Rum and Coke is a good drink, my cocktail of choice. Oh sure, if I could afford it, I’d drink Crown Royal or Glenmorangie. Barring a lottery win, though, it’s a Cuba Libre for me on the rare occasions that I skip the wine at a party or find myself in a bar. It goes down clean, and the lime adds a tart brightness to the mix. Plus, good rum is easier and cheaper than good whiskey. Hence the colonials’ fondness for it. Our forefathers, such as Washington, did not celebrate Christmas with trees, presents and crèches. Instead, they gave out copious amounts of food, rum, and whiskey. I like the term Cuba Libre. It sounds classier than rum and Coke. It also alludes to the shared history of Cuba and the United States. And it’s a long history indeed, complete with some unpleasant truths.
When President Obama finally took the sensible action of normalizing relations with Cuba, a number of Republicans started howling as though they had just found out that the Koch brothers were broke. I can understand Senator Rubio’s unhappiness. He’s Cuban, and some Cubans will never accept that communism is a part of Cuba’s reality. But most people I know who have family ties to Cuba welcome the change. And even if they didn’t, common sense and a long view of history are needed for foreign policy decisions. If U.S. interests in Cuba are in opposition to the wishes of Cuban exiles, oh well. The U.S. government cannot let every refugee group in the country determine foreign policy; it would be a disaster.
Just as it took a Republican, Richard Nixon, to open relations with China, it took a Democrat to fix the broken policy vis-a-vis Cuba. It was a Democrat who started the embargo, and a strident faction of Republicans are too enmeshed with Miami’s Cuban hardliners to break the impasse. Trying to change Cuba’s government through military force and isolation has failed miserably. After nearly six decades of failure, it is time to change strategies. It can’t be worse than what has happened so far. Exhibit A is the thousands of criminals that Castro tricked Ronald Reagan into accepting as political refugees. It has been noted by scholars and politicians alike that trade with China has significantly changed that country from a strict totalitarian command economy into a capitalist/ socialist hybrid in which its citizens enjoy increasing amounts of freedom and improved standards of living.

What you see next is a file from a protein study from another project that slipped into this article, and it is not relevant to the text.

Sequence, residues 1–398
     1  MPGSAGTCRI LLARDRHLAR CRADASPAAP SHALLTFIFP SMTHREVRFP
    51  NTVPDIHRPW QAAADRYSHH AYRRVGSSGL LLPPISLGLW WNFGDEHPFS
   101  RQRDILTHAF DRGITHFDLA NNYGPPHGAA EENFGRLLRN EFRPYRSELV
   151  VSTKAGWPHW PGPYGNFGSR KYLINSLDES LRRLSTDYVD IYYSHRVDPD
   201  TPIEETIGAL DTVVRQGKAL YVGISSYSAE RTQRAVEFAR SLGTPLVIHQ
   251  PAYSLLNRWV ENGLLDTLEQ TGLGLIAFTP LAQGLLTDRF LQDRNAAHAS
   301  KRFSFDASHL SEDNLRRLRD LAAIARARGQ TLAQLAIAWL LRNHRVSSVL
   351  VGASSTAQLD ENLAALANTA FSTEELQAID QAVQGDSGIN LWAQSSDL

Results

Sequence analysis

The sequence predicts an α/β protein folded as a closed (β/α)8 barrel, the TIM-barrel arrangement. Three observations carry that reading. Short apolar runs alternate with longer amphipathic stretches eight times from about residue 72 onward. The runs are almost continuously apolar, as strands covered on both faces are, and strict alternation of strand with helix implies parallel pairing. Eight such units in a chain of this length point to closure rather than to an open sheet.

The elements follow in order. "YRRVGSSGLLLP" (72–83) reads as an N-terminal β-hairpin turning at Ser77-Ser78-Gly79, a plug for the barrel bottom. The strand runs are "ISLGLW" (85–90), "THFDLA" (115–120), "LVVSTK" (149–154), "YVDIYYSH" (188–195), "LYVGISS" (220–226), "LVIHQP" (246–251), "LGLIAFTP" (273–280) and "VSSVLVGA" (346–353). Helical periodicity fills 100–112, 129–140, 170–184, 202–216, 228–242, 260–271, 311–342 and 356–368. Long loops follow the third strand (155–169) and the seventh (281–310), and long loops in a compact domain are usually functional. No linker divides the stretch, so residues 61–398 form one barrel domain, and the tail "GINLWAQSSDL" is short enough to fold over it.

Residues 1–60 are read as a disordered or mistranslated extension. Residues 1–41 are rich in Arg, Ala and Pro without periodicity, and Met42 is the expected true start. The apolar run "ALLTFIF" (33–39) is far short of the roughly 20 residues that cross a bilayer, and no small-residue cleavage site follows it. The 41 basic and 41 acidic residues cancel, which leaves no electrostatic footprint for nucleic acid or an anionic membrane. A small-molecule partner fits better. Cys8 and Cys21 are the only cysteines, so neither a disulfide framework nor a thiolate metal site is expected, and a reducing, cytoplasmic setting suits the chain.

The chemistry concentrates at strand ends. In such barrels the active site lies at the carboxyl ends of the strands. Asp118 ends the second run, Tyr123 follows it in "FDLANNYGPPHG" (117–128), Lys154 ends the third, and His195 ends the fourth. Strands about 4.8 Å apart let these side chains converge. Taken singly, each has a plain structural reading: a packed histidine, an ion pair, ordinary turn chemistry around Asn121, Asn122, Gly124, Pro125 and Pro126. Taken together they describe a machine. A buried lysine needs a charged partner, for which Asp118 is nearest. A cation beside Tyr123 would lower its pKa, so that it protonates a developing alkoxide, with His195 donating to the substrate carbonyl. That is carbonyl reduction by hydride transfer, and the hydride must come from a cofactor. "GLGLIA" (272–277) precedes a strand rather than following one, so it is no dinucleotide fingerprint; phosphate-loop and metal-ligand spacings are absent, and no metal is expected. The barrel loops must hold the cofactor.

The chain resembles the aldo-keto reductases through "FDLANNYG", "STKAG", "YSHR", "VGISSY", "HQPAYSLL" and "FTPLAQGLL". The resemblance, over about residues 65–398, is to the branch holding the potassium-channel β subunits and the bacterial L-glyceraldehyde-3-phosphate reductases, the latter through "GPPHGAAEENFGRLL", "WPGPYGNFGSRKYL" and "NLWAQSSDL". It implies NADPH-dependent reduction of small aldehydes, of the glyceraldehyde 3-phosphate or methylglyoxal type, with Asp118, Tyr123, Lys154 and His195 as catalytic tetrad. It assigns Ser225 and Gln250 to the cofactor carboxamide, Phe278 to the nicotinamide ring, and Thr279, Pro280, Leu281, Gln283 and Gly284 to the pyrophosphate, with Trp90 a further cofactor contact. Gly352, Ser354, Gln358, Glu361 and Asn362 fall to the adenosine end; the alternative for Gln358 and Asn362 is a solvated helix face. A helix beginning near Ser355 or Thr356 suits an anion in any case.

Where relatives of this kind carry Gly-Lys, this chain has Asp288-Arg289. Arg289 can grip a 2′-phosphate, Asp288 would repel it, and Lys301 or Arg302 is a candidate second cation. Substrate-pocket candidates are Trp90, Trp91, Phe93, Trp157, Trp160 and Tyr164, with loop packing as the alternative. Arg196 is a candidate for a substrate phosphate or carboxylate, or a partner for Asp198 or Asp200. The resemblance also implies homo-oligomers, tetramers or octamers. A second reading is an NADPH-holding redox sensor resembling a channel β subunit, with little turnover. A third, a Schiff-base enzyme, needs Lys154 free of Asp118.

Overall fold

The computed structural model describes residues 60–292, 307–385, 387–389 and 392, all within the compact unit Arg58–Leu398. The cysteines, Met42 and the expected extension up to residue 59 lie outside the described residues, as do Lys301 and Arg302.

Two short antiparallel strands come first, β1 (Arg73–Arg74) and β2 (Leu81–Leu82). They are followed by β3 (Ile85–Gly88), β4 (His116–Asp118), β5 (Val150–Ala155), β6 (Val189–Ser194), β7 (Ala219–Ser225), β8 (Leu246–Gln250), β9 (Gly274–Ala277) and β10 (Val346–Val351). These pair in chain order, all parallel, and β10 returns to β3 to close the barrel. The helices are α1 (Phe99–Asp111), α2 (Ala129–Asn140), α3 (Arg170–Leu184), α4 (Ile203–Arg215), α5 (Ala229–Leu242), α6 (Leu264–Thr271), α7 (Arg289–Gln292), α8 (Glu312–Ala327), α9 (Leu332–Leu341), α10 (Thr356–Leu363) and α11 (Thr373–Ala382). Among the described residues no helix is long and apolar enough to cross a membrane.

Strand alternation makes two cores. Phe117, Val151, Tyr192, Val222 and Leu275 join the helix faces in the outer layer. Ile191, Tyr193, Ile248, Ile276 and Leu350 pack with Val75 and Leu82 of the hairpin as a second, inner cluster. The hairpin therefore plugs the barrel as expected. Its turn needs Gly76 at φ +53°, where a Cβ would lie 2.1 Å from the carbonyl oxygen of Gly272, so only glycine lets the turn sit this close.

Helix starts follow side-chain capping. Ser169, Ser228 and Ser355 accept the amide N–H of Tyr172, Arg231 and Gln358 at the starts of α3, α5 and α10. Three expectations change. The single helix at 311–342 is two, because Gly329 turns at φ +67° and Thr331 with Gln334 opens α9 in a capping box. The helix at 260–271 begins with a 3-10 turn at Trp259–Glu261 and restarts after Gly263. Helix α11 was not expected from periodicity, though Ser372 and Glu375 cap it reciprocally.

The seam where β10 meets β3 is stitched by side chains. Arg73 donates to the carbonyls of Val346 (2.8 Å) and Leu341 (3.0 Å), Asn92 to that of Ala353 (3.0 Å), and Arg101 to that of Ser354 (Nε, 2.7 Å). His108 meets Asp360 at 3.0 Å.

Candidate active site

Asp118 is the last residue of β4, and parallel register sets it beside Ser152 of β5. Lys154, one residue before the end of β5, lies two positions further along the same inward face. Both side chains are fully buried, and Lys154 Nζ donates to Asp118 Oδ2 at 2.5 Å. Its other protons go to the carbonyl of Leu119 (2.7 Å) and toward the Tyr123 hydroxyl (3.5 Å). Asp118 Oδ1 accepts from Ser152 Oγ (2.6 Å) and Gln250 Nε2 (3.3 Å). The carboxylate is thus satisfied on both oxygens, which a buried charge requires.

Why do certain conservatives think Cuba is different? They would do well to think about their own foreign policy successes and failures since 1960 before criticizing liberals for taking a low risk gamble on Cuba. On the success side, there is the fall of the Iron Curtain. Reagan rightly gets credit for that, but the Pope and luck also played roles. On the failure side, look no further than Cambodia, Lebanon, Nicaragua, 9/11, Iraq, Afghanistan, Georgia, and Pakistan. That’s a lot of failure. The about face that Dick Cheney did on Iraq alone is enough to make one do an exorcist head spin. Bush / Cheney the First got Iraq right. Bush / Cheney the Second got it horribly wrong.
Even if one shifts some of the blame for the fiasco in Iraq to Obama, no one can fairly place most of it anywhere but on conservative shoulders. The neocons led the charge into the quagmire of Iraq, while giving multiple reasons why it wouldn’t turn into a quagmire. Most Americans have had enough of nation-building and its high costs of blood and treasure in the Middle East. Conservatives used to understand involvement in civil conflicts is to be avoided. Or at least they did when Democrats tried to intervene in foreign problems that weren’t our business. Cuba’s government is an issue for Cubans, not us. Conservatives should stop playing politics and be true to their principles. Part of their mantra for years has been that free trade is good and breaks down tyranny. Capitalism 101. It is a poor patriot who dismisses an idea that benefits the country just because they don’t like its sponsor. No matter how much one hates Obama, he can’t be wrong on everything.
Considering the harm the Cuban people suffered from the Mafia, sugar barons, Batista, and the embargo, it’s amazing that they don’t hate us beyond all hope of reconciliation. Yes, I know about the repression and suffering under Castro. I’m not dismissive of the atrocities committed by the Cuban government. But there was a lot of torture and suffering under U.S. sponsored capitalism as well. I am not saying one is better or worse than the other. I just don’t think anyone can make that judgment.
What I do know is that when the rum starts flowing and the cigars start smoldering, our hemispheric neighborhood will be a friendlier and better place. And when the spring breakers start flocking to Cuba and families reunite after decades of separation, the Cuban government won’t have a choice about changing. Filling Cuba’s beaches with scantily clad young women and men carrying iPhones and iPads will open the world up for the Cuban people. The hard currency from these tourists, as well as from the sale of cigars and rum to the mainland, will awaken dormant Cuban capitalism. Change will occur with or without the government’s blessing. And isn’t that the most conservative ideal of all? Besides, increasing the supply of rum in the U.S. will drive down the cost of my Cuba Libre. And that’s not just a good thing, it’s a great thing.